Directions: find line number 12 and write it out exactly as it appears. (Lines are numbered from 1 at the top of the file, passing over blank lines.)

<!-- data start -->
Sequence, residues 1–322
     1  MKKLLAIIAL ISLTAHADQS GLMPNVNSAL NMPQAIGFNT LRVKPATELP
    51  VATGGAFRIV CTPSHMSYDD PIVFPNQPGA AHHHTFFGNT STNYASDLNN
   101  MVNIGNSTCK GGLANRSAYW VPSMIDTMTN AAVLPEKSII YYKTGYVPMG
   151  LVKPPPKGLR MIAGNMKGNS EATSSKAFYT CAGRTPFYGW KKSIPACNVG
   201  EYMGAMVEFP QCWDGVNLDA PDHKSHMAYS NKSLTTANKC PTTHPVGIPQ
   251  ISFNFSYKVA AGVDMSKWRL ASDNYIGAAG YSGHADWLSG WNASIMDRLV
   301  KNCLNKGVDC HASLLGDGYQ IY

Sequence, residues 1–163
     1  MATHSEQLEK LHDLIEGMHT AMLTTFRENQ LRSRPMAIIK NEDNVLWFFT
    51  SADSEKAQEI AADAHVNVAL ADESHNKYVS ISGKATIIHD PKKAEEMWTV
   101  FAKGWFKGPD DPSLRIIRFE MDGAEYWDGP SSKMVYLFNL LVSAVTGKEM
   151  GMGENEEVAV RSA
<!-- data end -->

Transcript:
   101  FAKGWFKGPD DPSLRIIRFE MDGAEYWDGP SSKMVYLFNL LVSAVTGKEM